Serverless AWS infrastructures often provide huge advantages with respect to “classic” EC2 based AWS infrastructures as one can easily understand considering, for example, a basic Serverless web application developed using AWS Lambda (backend), DynamoDB (database), Cognito (Authentication) and S3 – CloudFront (Angular single page application). An application like this will scale automatically adapting to every level of traffic, will typically cost significantly less than an EC2 hosted application since the billing will only depend on the traffic and will have a close to zero maintenance cost since you don’t need to update the OS, harden the instance, install security patches and so on. So basically going serverless is a no brainer in most situations: you’ll pay less for an application that will be able to scale faster and you’ll not be responsible anymore for the security of the various application components: AWS will take care of that.
However, the price you’ll pay to use the serverless paradigm is a significantly more complicated infrastructure: while for a simple EC2 based application you’ll just create an AMI of the instance configuration, create an Autoscaling Group an Elastic Load Balancer and you are good to go, if you decide to deploy the same application using the serverless paradigm you’ll end up with a plethora of Lambda functions, an often tricky cognito configuration, sometimes an API Gateway with a lot of Apis and the DynamoDb configuration. Differently from the code running on an EC2, which is typically self-contained, the serverless code is usually strongly entangled with the AWS infrastructure: if you decide, for example, to add an API endpoint to the backend running on Lambda you’ll typically need to create a new function and an API Gateway resource to route requests to the newly created Lambda function.
These resources quickly become impossible to manage by hand and thus the creation of an automated CD/CI pipeline is essential to manage the infrastructure. In this setup, once a new commit is pushed in the relevant Git repository branch the AWS CodePipeline triggers, fetches the code from the repository (e.g. AWS Codecommit), builds the code using AWS CodeBuild preparing the Lambda deploy zip packages and an autogenerated cloudformation template. Finally, in the deploy pipeline step, AWS Cloudformation will deploy the template generated in the update step which deploys the new versions of the lambdas and updates the infrastructure accordingly.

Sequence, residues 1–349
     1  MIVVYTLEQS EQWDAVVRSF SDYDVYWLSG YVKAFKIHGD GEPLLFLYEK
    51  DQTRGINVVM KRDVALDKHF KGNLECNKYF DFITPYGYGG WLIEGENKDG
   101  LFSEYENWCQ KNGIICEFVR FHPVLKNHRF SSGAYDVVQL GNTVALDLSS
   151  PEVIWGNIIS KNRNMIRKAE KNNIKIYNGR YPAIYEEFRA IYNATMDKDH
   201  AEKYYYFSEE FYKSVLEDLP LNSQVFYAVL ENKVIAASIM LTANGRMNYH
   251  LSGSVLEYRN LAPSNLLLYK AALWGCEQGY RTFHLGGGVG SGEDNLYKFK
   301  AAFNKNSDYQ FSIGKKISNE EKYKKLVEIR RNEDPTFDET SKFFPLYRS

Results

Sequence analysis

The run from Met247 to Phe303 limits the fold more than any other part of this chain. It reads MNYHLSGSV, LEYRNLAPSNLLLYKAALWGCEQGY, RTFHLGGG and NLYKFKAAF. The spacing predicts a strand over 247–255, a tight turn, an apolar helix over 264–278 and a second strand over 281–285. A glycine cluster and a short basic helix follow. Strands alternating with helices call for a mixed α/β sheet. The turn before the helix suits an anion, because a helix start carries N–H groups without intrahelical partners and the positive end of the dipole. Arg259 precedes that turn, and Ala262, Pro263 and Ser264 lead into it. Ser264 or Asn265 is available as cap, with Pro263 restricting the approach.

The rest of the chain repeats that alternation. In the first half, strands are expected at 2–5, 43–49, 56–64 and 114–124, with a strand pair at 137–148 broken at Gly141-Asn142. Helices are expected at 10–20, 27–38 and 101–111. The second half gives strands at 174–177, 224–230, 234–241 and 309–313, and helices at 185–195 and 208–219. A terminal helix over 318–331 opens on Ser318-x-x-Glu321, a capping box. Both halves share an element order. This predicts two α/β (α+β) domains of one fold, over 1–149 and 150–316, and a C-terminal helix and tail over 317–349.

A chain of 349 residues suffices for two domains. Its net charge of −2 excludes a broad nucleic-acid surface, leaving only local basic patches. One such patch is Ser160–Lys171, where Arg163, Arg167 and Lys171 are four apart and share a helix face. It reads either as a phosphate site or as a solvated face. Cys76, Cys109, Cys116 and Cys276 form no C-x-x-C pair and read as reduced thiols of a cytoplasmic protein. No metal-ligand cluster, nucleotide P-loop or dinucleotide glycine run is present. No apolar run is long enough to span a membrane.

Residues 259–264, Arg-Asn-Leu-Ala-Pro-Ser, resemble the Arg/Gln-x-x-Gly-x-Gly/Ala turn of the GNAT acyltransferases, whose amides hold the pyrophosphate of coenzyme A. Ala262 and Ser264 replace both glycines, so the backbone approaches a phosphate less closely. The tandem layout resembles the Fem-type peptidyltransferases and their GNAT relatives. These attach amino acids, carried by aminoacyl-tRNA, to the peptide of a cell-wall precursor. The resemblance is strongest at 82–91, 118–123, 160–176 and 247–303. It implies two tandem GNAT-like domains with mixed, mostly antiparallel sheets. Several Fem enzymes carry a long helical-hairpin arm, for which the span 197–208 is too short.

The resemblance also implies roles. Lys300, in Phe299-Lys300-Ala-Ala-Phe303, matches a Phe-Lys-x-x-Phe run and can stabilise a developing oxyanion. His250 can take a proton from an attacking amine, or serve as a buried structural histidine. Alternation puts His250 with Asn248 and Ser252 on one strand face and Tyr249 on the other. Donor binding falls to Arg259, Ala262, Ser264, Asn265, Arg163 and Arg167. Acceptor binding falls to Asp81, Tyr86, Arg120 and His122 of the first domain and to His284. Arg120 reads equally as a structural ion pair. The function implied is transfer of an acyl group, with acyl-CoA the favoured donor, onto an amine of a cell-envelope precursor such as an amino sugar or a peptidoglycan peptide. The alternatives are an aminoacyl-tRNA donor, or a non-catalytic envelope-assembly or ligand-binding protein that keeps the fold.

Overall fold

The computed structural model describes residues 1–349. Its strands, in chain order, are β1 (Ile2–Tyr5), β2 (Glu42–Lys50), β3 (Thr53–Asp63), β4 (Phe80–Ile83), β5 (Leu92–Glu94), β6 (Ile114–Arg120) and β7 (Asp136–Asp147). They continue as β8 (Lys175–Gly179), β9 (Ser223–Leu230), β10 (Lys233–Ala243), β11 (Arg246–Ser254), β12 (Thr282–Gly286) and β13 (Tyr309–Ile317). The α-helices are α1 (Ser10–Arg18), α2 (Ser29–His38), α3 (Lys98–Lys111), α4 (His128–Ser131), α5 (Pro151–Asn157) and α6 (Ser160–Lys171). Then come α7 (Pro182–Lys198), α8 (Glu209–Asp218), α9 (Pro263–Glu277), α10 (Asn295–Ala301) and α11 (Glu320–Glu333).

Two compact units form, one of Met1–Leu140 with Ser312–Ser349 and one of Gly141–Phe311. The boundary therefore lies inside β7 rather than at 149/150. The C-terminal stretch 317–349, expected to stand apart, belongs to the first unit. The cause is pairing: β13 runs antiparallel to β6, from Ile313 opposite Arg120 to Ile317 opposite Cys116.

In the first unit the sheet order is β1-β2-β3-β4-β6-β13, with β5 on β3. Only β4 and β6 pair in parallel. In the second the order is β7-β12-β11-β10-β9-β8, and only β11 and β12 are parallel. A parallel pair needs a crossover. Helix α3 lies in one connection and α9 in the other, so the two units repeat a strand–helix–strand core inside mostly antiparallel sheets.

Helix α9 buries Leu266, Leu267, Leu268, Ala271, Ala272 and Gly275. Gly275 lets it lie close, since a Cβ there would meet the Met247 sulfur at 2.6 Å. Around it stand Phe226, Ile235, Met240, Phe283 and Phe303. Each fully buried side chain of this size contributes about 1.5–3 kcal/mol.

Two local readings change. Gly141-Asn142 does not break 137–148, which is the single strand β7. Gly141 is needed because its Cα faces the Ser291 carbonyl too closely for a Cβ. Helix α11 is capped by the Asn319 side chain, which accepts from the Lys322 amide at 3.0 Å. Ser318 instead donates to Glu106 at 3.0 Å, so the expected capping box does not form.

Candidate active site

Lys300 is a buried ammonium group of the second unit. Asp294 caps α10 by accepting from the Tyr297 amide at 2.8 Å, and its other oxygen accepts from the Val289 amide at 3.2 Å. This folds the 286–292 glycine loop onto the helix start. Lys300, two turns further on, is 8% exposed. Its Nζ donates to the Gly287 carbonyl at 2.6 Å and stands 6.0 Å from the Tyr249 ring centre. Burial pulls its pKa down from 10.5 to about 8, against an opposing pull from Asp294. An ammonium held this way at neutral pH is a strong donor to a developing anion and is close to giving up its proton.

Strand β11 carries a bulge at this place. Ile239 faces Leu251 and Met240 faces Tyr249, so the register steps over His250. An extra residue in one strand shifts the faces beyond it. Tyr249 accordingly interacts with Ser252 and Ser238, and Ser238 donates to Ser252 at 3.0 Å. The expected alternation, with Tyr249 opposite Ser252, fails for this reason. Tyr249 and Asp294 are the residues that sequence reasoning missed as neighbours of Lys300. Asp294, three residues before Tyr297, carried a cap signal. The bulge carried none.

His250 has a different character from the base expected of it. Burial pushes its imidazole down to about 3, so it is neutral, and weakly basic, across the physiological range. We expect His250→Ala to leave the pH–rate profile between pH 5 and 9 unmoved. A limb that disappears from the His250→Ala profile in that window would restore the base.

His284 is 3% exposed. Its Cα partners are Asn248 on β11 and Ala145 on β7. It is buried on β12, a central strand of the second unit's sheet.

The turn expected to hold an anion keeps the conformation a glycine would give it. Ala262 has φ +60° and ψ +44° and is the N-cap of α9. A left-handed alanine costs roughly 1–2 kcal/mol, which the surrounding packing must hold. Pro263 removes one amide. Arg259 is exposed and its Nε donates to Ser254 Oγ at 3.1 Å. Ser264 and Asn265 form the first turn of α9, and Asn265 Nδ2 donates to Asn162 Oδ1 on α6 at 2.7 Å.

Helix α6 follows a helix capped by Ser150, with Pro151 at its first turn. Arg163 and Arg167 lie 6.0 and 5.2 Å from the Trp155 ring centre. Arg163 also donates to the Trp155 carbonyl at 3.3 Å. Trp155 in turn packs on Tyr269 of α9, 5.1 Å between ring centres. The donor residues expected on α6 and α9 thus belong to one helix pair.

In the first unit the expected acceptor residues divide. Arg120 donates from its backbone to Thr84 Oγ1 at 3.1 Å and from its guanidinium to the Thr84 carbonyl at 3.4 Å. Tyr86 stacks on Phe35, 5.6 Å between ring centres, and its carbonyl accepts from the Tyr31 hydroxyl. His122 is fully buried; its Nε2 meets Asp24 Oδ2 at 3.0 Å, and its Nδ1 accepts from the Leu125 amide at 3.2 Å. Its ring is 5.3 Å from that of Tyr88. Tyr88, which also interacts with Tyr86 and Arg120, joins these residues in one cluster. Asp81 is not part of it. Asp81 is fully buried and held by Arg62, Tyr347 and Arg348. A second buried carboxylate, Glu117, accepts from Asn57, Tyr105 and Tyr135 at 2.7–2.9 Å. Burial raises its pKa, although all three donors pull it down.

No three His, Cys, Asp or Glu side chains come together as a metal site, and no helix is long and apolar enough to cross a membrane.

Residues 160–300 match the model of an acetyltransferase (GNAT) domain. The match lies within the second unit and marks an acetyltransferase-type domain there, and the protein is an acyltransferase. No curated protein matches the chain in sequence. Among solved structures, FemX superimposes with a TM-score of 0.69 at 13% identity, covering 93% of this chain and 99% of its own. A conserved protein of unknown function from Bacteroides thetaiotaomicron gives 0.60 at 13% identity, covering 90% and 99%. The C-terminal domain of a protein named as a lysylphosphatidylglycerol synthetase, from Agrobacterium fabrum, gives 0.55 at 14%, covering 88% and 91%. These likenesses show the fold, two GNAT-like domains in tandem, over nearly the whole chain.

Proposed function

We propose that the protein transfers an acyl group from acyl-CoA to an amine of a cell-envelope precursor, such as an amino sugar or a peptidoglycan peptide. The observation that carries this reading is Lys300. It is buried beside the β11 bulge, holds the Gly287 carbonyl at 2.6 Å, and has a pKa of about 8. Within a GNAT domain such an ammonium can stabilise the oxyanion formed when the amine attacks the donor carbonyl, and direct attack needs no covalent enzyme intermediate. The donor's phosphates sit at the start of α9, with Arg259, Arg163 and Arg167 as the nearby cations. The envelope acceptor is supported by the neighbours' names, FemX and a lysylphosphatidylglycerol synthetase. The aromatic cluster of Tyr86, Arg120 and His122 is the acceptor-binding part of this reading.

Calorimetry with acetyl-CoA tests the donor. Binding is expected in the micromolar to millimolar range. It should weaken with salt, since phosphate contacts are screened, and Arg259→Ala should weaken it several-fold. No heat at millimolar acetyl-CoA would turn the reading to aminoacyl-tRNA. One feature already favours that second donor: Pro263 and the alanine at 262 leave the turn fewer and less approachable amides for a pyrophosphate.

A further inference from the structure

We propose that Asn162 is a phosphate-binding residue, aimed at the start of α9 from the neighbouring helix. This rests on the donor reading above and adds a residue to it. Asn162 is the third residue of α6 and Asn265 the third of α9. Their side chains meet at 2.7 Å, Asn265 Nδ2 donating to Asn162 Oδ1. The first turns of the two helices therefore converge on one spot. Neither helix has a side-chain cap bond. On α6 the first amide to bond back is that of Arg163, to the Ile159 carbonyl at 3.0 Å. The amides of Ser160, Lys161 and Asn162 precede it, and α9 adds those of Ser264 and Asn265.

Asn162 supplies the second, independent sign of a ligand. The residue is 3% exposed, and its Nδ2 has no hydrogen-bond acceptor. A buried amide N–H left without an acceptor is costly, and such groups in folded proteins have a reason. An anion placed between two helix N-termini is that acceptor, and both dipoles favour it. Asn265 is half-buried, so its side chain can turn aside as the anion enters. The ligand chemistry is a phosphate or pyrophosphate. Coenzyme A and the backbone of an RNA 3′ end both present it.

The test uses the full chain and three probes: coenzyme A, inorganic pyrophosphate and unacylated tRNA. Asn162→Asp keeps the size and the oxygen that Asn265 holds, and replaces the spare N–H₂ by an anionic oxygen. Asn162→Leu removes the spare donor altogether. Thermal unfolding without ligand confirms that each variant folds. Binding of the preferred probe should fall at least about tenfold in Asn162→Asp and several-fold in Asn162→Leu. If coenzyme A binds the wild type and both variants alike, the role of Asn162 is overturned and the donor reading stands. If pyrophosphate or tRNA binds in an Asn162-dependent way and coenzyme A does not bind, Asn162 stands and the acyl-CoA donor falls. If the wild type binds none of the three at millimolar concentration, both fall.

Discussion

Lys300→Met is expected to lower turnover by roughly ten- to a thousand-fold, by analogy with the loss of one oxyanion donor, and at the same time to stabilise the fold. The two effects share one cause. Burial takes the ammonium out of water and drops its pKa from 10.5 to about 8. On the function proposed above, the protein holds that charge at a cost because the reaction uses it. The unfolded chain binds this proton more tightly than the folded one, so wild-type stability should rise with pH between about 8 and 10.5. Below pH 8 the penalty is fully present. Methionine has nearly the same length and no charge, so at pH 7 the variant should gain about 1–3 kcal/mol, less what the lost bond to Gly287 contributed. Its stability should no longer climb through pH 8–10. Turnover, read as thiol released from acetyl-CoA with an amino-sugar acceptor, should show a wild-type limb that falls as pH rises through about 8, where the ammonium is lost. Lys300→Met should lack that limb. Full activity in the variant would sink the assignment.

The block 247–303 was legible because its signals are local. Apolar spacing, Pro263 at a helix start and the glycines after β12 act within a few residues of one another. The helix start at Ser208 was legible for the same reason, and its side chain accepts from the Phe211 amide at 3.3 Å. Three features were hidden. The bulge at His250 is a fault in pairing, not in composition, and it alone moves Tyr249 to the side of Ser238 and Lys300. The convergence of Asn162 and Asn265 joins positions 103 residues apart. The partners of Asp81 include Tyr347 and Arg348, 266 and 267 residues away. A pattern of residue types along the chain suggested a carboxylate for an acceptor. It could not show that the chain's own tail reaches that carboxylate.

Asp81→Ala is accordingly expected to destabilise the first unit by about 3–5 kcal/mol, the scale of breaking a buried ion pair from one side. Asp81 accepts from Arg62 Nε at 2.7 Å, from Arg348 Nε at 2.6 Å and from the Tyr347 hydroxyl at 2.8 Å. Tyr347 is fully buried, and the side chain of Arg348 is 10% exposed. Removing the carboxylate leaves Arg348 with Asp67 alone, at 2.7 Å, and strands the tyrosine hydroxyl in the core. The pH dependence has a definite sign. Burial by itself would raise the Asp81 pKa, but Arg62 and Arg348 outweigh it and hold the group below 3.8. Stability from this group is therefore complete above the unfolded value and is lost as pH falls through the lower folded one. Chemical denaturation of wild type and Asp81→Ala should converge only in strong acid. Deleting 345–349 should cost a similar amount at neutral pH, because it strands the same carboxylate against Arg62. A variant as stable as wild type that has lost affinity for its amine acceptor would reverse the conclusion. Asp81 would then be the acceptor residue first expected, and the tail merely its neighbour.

While the CloudFormation template taking care of the deployment of the backend could also be used to manage other infrastructure components this should be avoided in most situations. A better way to proceed is instead to create different cloudformation Stacks each taking care of one of the macro building blocks of our infrastructure: for example in the case of a simple serverless infrastructure, like the one we described at the beginning of the post, one could deploy three Cloudformation infrastructure templates: one for the frontend (S3 + CloudFront), one for the backend (API Gateway + Lambda) and one for the other elements in the infrastructure (e.g. DynamoDB and Cognito). Furthermore one could create a further base template to create Account wide resources that will be used by all the templates such as the Cloudtrail configuration and the Vpc Flow Logs configuration. This template should also take care of the creation of the CodePipelines that will deploy the frontend, the backend, and the other needed resources.
Creating a dedicated pipeline to deploy cloudformation templates capable of modifying only the resource needed for the serverless application without the capability to modify anything else is very useful for the developers who thus gain the capability to autonomously change the account configurations in an audited way, without the need to have actual access to the AWS account.
Also, to make life easier for the developers we could use troposphere instead of plain cloudformation (we introduced Troposphere in this article): the syntactic sugar provided by a high-level language is always a great help with respect to plain YAML!
We end up with infrastructure like this one in the figure below:
The YAML template for the Cloudformation step of the backend pipeline can be generated directly by the developers or it can be automatically generated by one of the several frameworks such as Serverless Framework, Chalice, and Zappa. It could also be generated directly from an AWS SAM template: SAM is a simplified templating language specifically designed by AWS to simplify the creation of serverless applications using Cloudformation and can be directly translated into a Cloudformation template using the AWS CLI command AWS cloudformation package.
To conclude we presented a way to build a maintainable AWS infrastructure for serverless applications leveraging the power of AWS CodePipeline, Troposphere and AWS CloudFormation. If you would like to know more about this topic or want to discuss this solution further do not hesitate to reach out to us in the comments section or directly by mail!